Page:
State Plan 2013-2017

California Strategic Workforce Development Plan

The U.S. Department of Labor Approved California’s State Plan on June 7, 2013. A copy of the full State Plan can be found below.

State Strategic Workforce Development Plan

The federal Workforce Investment Act (WIA) requires the Governor, via the State Board, to submit a WIA/Wagner-Peyser Act (WPA) State Strategic Workforce Development Plan (State Plan) to the United States Department of Labor (DOL). This plan outlines a five-year strategy for the investment of federal workforce training and employment services dollars.

California state law [SB 293, Statutes of 2005 (Unemployment Insurance (UI) Code Section 14020) requires the State Board to collaborate with the Chancellor of the California Community Colleges, the State Department of Education, other appropriate state agencies, and local workforce investment boards to develop a comprehensive state plan that serves as a framework for public policy, fiscal investment, and operation of all state labor exchange, workforce education, and training programs.

California’s State Plan has a five-year time horizon. As such, we see it as a living document that – based on experience and changing conditions – will be reworked over time. However, the core commitments of the Plan will not change. These commitments are to a skilled workforce, a vibrant economy, and shared prosperity for all Californians.

California’s State Plan builds on emerging efforts by Local Boards, community colleges, adult education providers, community-based and economic development organizations, unions, and employers to address these and other critical challenges. The Plan begins with the articulation of broadly shared goals.


State and regional stakeholders identified goals in four key areas to guide the activities of the workforce system over the next five years:

  • Business and Industry: Meet the workforce needs of regional economies and high demand industry sectors with the best potential for new jobs.
  • Adults: Increase the number of Californians, including from under-represented demographic groups, who complete at least one year of postsecondary education with a marketable credential or degree, with a special emphasis on veterans, individuals with disabilities, disconnected youth, formerly incarcerated, and other at-risk populations.
  • Youth: Increase the number of high school students, including those from under-represented demographic groups, who graduate prepared for postsecondary education and/or a career.
  • System Alignment and Accountability: Support system alignment, service integration, and continuous improvement through shared data, common participant tracking, and evidence-based policymaking.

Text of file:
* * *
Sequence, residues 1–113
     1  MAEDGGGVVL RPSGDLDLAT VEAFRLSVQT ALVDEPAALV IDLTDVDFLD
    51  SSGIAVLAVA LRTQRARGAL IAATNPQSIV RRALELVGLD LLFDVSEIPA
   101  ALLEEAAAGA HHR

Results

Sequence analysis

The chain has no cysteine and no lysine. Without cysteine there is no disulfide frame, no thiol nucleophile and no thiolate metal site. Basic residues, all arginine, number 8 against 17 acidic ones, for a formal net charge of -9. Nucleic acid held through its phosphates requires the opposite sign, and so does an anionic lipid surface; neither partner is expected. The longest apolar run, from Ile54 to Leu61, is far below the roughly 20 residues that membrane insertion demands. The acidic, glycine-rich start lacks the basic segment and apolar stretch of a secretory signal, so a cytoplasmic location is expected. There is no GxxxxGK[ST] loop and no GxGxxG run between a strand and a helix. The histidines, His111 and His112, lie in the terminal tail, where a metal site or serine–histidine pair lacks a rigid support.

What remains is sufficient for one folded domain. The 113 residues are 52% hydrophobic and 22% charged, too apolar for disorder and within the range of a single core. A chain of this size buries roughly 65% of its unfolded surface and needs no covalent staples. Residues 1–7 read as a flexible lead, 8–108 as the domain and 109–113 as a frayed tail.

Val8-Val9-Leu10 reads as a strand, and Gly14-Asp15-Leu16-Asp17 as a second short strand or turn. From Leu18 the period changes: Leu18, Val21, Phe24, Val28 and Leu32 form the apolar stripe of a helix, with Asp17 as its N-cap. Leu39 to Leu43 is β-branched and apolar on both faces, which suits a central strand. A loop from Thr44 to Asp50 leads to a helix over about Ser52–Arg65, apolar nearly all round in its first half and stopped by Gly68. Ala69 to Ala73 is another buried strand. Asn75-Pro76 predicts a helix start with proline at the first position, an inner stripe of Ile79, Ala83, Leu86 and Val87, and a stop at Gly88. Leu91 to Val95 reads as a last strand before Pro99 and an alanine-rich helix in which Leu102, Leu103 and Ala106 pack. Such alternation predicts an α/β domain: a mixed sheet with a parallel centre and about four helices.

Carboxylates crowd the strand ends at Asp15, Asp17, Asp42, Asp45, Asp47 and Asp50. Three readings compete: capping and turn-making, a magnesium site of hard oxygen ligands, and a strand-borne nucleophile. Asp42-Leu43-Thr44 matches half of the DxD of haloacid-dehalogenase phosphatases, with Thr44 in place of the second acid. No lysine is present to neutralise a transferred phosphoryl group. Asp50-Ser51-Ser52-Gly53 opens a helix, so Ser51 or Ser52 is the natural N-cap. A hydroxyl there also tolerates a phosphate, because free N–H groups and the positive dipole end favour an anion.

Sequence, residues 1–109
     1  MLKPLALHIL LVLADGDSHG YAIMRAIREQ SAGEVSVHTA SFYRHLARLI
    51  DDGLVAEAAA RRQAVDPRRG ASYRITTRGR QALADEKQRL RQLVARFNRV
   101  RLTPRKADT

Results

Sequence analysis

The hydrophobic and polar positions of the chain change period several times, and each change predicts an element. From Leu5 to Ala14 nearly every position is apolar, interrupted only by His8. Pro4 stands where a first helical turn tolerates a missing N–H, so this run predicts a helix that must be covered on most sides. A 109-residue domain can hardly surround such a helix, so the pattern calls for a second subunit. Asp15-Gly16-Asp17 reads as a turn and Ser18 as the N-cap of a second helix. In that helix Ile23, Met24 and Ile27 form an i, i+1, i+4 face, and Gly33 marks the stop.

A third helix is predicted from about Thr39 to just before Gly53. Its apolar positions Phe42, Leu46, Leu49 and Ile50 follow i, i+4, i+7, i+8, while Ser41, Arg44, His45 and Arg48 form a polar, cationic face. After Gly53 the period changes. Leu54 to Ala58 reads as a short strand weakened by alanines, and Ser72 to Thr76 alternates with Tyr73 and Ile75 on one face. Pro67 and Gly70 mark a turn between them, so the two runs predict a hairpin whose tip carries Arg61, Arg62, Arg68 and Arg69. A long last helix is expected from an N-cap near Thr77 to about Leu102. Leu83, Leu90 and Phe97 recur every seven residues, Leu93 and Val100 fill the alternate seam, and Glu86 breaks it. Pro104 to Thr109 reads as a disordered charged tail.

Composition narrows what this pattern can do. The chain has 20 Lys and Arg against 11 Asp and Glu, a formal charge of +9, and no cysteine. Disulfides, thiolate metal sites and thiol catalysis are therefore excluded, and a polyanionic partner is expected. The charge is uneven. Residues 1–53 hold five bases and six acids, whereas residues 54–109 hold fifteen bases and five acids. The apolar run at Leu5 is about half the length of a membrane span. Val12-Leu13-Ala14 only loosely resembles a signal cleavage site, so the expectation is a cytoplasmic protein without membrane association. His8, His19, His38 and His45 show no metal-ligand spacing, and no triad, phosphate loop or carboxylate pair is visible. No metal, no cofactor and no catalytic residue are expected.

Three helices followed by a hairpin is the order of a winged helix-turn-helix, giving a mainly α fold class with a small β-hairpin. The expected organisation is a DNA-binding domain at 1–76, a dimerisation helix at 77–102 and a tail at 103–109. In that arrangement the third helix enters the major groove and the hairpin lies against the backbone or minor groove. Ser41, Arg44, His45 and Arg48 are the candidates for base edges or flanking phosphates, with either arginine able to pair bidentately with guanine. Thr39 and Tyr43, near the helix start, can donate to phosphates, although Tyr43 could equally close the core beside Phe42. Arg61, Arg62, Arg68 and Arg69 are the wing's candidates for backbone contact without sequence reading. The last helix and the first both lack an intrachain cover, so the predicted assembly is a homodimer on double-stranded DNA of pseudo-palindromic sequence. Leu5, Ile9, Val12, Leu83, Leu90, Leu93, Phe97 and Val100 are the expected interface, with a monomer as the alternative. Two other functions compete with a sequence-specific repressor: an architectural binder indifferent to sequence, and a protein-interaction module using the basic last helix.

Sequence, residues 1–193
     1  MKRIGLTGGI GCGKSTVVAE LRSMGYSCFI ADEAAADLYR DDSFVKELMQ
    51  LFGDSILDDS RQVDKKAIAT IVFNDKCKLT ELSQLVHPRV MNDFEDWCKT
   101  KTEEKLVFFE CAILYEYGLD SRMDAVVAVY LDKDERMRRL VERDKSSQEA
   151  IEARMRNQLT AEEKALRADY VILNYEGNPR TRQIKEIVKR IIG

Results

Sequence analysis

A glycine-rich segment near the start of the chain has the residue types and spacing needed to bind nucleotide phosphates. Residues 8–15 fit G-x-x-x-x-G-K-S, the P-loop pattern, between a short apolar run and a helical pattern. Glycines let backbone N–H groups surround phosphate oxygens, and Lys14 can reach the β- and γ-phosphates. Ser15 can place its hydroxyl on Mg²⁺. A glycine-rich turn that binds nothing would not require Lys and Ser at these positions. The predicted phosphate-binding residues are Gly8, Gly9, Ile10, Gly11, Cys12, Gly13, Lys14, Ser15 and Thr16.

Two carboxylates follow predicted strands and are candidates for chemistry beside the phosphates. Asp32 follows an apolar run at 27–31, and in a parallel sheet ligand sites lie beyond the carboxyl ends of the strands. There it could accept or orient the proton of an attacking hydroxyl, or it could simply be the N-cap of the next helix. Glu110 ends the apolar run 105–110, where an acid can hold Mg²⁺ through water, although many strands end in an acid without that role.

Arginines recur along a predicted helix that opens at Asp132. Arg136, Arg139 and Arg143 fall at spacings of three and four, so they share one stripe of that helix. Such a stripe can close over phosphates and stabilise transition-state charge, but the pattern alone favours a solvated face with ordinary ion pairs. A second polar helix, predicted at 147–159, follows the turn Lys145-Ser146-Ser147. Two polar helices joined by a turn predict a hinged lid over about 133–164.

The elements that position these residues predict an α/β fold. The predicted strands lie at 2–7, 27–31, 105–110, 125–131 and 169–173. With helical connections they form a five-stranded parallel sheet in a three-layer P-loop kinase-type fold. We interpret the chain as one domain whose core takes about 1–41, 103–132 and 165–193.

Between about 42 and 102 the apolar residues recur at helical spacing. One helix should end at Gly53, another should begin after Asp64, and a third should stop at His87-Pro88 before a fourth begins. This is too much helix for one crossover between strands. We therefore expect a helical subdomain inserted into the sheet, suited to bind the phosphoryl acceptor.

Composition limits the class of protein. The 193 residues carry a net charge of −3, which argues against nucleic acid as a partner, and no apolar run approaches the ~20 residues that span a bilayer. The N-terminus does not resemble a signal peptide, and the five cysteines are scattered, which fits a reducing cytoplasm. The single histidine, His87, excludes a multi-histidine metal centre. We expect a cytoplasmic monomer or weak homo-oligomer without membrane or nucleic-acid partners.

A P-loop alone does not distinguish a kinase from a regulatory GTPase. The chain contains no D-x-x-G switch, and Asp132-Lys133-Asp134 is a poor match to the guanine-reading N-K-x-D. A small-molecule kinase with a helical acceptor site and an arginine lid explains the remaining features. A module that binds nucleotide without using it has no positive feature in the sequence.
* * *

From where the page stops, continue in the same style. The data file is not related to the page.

To support these goals, the State Working Group and regional stakeholders agreed on an overarching strategy designed to address regional economic needs and promote skill development, which build on regional workforce and economic development networks and industry specific sector partnerships that have begun to develop over the past decade in regions throughout the state.

California’s State Plan provides new support for these efforts at the state level. The State Board and its committees – including the State Working Group of department directors that developed the blueprint for the state plan – are committed to scaling up existing regional network and industry sector partnerships and spreading the model to new regions. State institutions and programs will direct resources to this work and support it by:

  • Aligning their policy goals;
  • Establishing common success metrics;
  • Maximizing, leveraging, and aligning resources; and
  • Identifying, removing or erasing administrative or policy barriers.

Within this framework, Local Boards are expected to play multiple roles:

  • Convening, supporting, and participating in regional efforts;
  • Working with partners to build new kinds of integrated programs, including career pathway programs;
  • Engaging employers; and
  • Providing feedback to state institutions, the Legislature, and the Governor about what works and what doesn’t.

Community colleges, adult education programs, apprenticeship programs, and economic development programs are also expected to play some of these as well as other roles that contribute to attaining our shared goals. Employers and employer organizations, labor unions, and community-based organizations will have to be deeply engaged for the strategies to be successful.

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